For All That Has Been, Thanks; For All That Will Be, Yes
by Sister Jo Ann Bonauro
— Dag Hammarskjold, Second Secretary- General of the United Nations
Most of us probably are very familiar with that quote, or at least have heard it. At first glance, the meaning seems quite clear: we are grateful for the past and we promise to respond positively as we embrace the future. Moreover, couldn’t that wonderful statement fittingly describe how we, as Sisters, Associates, Friends, Co-Ministers, etc. mark the 175th Anniversary of the Sisters of Charity, Halifax. But, and this is an important BUT, doesn’t history and our lived experience often show us that there always might be more?
Historians tell us that there is always more—if one goes deeper. Thus, it can be said that the Container which holds any “Past” is complex. Recently, haven’t we begun to witness a different re-telling of the workings and history of our Countries and our Church? Are there things that should have been different? And, isn’t it also important to remember those countless grace-filled moments and endeavors?
“Our Congregation came into being through the action of the Holy Spirit in the heart of Elizabeth Ann Seton who found in the Rule of St. Vincent de Paul the expression of its purpose…” (Constitution #2) We know that passage so well, don’t we? Personally, as a student of history, I find one thing missing in that beautiful statement: St. Louise de Marillac. Vincent and Louise functioned as collaborators in ministry; and, isn’t that an integral part of our Charity Charism?
With certainty, we can say that Louise played a major role in the Formulation of the Original Rule (of the Daughters), and Elizabeth was familiar with Louise’s spirituality, her leadership and ministry. What a blessing that our Congregation is rooted in the tradition of these three faith-filled, committed and proactive saints who embodied the Charity Charism with passion and zeal!
I would like to suggest that it is only when we acknowledge our unique history—beginning in France (1625) when Vincent de Paul founded the Congregation of the Mission, then, when Vincent and Louise de Marillac established the Company of the Daughters of Charity (1633), that we see the vastness and diversity of the Charity Charism. It has defined us in the past, defines us now, and will always be the definitive quality in our future. But, as we know, there is usually more… Elizabeth Ann Seton, a native New Yorker, was encouraged by Archbishop John Carroll (first American Bishop) to found a Congregation of Religious Women in this newly independent and developing nation. Our Elizabeth, a prayerful and discerning woman, always tried to be attentive to God’s will.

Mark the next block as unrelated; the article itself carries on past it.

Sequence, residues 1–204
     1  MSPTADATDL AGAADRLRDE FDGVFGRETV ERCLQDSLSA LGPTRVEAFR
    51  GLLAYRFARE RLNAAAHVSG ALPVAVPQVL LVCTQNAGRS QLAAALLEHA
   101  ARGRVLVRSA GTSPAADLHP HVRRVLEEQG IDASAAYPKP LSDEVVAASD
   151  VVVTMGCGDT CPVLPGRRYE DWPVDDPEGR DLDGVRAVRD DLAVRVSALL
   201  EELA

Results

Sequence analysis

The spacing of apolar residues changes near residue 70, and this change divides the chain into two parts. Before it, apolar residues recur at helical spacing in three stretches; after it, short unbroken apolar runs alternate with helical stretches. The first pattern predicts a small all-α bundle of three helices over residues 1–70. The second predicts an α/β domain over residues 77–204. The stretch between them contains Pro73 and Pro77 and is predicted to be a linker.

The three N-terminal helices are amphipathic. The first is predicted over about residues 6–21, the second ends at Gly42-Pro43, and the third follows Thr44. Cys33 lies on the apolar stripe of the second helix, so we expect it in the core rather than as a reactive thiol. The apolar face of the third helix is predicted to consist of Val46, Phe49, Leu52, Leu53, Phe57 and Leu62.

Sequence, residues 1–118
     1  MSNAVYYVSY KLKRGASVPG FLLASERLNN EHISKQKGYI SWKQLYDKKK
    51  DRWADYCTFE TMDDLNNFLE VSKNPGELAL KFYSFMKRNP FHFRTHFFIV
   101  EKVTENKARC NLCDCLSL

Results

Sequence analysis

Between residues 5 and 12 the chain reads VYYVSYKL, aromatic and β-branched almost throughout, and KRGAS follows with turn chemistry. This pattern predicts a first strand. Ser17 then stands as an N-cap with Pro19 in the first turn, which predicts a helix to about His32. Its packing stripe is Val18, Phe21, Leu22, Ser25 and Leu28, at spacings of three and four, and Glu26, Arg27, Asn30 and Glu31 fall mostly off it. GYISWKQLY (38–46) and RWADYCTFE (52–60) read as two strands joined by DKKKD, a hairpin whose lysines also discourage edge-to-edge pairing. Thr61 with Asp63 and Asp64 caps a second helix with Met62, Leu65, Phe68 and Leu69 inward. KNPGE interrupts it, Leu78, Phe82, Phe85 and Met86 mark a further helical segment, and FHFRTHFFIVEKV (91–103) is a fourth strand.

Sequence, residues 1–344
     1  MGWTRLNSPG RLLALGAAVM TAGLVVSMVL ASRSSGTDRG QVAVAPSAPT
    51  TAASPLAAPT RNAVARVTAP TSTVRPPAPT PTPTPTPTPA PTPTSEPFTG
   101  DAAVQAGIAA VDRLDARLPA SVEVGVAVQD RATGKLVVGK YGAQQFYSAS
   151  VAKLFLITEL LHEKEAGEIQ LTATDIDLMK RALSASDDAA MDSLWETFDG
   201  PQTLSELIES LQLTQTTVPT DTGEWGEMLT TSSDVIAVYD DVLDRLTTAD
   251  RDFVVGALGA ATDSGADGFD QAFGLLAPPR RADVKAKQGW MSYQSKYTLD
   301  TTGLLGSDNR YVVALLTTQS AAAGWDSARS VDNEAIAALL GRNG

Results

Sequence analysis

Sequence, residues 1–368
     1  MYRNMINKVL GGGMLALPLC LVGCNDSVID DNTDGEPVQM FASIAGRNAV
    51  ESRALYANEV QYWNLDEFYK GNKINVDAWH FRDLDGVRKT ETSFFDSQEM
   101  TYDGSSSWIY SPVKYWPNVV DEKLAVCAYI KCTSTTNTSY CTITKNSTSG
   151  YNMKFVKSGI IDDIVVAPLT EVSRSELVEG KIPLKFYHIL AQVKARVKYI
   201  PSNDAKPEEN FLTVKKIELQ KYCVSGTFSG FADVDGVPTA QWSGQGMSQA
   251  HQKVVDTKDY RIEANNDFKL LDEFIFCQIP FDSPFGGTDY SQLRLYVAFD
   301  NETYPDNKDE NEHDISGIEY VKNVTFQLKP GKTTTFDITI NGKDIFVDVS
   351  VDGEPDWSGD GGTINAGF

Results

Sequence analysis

Following the prompting of the Holy Spirit, she found in the Rule of Saints Vincent and Louise, a model which could be adapted for this new American Congregation
The development of this new Congregation is a captivating chronicle of outreach to those in need, development of new ministries where and when necessary, successful endeavors, heart-wrenching losses, challenges and setbacks; but most importantly, always having a total reliance on and commitment to God. The Charity Charism not only weathered life’s storms but, like the mustard seed it flourished!
In 1817, Elizabeth sent three Sisters to New York; and, in 1849 Sister Basilia McCann (a NY Charity) came to Halifax with three other Sisters. The Charity Charism had continued its northward journey into Halifax and this is what our upcoming celebration is all about!
In these next months, let us pray that our Charity Charism guides us to reflect on and ponder where we have been and where we presently are. For we know with certainty, that as we look to the future: “There will always be more to Our Story! !”
What Do We Do With The Gospel Energy That Still Remains With Us?
by Sister Margaret M. Bickar